Visual semiquantitative methods of vertebral fracture assessment

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The first standardized approach was introduced by Smith et al. [44] in 1960. They introduced a classification of vertebral deformities as diagnosed from lateral thoracolumbar radiographs for the purpose of diagnosing the severity of osteoporosis. This method grades only the most severely deformed vertebra on the radiograph. In 1968 Meunier [33] proposed an approach in which each vertebra is graded according to its shape or deformity. Grade 1 is assigned to a normal vertebra that has no deformity, grade 2 to a biconcave vertebra, and grade 4 to an endplate fracture or a wedged or crushed vertebra. Using this approach vertebral bodies T3 (or T7) to L4 are evaluated. A "radiological vertebral index" can be calculated as the sum of the grades of all vertebrae, or as the quotient of this sum and the number of the vertebrae.

Kleerkoper et al. [26] modified Meunier's radiological vertebral index and introduced the so-called "vertebral deformity score." In the vertebral deformity score each vertebra from T4 to L5 is assigned an individual score from 0 to 3 depending on the type of deformity. This grading scheme is based on the reduction in the anterior, middle, and posterior vertebral heights (ha,hm, and hp, respectively).

A vertebral deformity (graded 1-3) is present when ha, hm, or hp is reduced by at least 4mm or 15%. This score, as with Meunier's radiological vertebral index, still relies very much on the type of deformity, i.e., the vertebral shape, and there would have to be changes in vertebral shape in order to account for incident vertebral fractures on follow-up radiographs. Furthermore, the majority of vertebral fractures consist of a combination of wedge and endplate deformities, and less frequently posterior deformities. Therefore an examiner's distinction among these deformities is often quite subjective.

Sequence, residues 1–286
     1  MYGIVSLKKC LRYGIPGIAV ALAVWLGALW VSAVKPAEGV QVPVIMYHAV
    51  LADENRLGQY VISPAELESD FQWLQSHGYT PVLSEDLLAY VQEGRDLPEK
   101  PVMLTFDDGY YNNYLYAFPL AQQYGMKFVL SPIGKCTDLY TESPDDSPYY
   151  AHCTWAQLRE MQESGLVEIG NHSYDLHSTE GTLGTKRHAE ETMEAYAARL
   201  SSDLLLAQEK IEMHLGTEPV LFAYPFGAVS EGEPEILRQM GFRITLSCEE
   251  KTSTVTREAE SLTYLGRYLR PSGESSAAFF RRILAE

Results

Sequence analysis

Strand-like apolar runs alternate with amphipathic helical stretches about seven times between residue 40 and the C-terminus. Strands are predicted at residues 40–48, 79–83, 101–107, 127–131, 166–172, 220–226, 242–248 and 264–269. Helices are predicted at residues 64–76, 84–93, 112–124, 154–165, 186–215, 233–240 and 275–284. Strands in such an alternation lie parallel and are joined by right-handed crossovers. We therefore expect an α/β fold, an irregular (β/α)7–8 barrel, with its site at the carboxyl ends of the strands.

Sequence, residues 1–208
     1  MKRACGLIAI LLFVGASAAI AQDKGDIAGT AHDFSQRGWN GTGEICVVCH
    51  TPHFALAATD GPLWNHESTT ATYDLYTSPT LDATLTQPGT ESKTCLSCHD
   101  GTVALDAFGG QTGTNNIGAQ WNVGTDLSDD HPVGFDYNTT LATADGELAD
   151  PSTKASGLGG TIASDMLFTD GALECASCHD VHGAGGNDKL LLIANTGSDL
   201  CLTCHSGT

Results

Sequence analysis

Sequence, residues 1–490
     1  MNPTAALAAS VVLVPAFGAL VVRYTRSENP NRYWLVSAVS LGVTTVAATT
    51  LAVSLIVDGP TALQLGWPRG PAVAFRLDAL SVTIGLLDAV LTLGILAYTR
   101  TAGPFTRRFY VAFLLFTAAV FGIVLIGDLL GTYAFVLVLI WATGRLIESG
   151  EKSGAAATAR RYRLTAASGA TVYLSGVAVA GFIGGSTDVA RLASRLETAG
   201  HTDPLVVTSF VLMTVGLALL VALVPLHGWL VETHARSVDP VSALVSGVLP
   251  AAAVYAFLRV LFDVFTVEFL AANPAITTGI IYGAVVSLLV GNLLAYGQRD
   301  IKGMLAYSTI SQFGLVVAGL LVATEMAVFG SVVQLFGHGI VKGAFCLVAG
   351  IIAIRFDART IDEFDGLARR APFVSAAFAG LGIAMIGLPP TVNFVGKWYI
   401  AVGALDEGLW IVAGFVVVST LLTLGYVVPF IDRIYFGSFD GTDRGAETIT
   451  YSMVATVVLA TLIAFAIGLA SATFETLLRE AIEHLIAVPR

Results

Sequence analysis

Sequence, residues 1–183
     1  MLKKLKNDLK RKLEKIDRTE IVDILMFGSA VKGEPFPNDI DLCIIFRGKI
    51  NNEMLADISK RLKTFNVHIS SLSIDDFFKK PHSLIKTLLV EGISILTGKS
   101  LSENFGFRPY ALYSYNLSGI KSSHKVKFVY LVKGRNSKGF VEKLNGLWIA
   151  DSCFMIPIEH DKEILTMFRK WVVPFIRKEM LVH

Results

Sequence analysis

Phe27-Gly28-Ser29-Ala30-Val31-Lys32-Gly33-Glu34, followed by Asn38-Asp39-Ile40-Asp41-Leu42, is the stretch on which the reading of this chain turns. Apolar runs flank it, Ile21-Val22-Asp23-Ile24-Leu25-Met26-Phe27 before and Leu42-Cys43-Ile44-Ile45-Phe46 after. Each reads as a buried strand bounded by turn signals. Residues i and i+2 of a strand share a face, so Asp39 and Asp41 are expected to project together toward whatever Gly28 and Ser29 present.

A vertebral deformity does not always represent a vertebral fracture, but a vertebral fracture is always a vertebral deformity. From a radiological prospective, there are many potential differential diagnoses for vertebral deformities - osteoporotic fracture, posttraumatic deformity, degenerative remodeling, Scheuermann's disease (juvenile kyphosis), congenital anomaly, neoplastic deformity, and Paget's disease - and the correct qualitative classification of vertebral deformities can be accomplished only by visual inspection and expert interpretation of the radiograph. This perspective on vertebral fracture diagnosis is perhaps reflected at its best in the semiquantitative fracture assessment method proposed by Genant et al. [12, 13, 14, 15] This method provides an insight into the severity of a

Fig. 1 Schematic diagram of semiquantitative grading scale for vertebral fractures. (From Genant et al. [13])

Fig. 1 Schematic diagram of semiquantitative grading scale for vertebral fractures. (From Genant et al. [13])

fracture which is assessed solely by visual estimation of the extent of a vertebral height reduction and morphological change, and vertebral fractures are differentiated from other, nonfracture deformities. In Genant's visual semiquantitative assessment (Fig. 1) each vertebra receives a severity grade based upon the visually apparent degree of vertebral height loss. Unlike the other approaches the type of the deformity (wedge, biconcavity, or compression) is no longer linked to the grading of a fracture in this approach.

Thoracic and lumbar vertebrae from T4 to L4 are graded on visual inspection and without direct vertebral measurement as normal (grade 0), mildly deformed (grade 1: reduction of 20-25% of height and 10-20% of projected vertebral area), moderately deformed (grade 2: reduction of 26-40% of height and 21-40% of projected vertebral area), and severely deformed (grade 3: reduction of >40% of height and projected vertebral area; Fig. 2). A grade 0.5 designates "borderline" vertebrae that show some defor-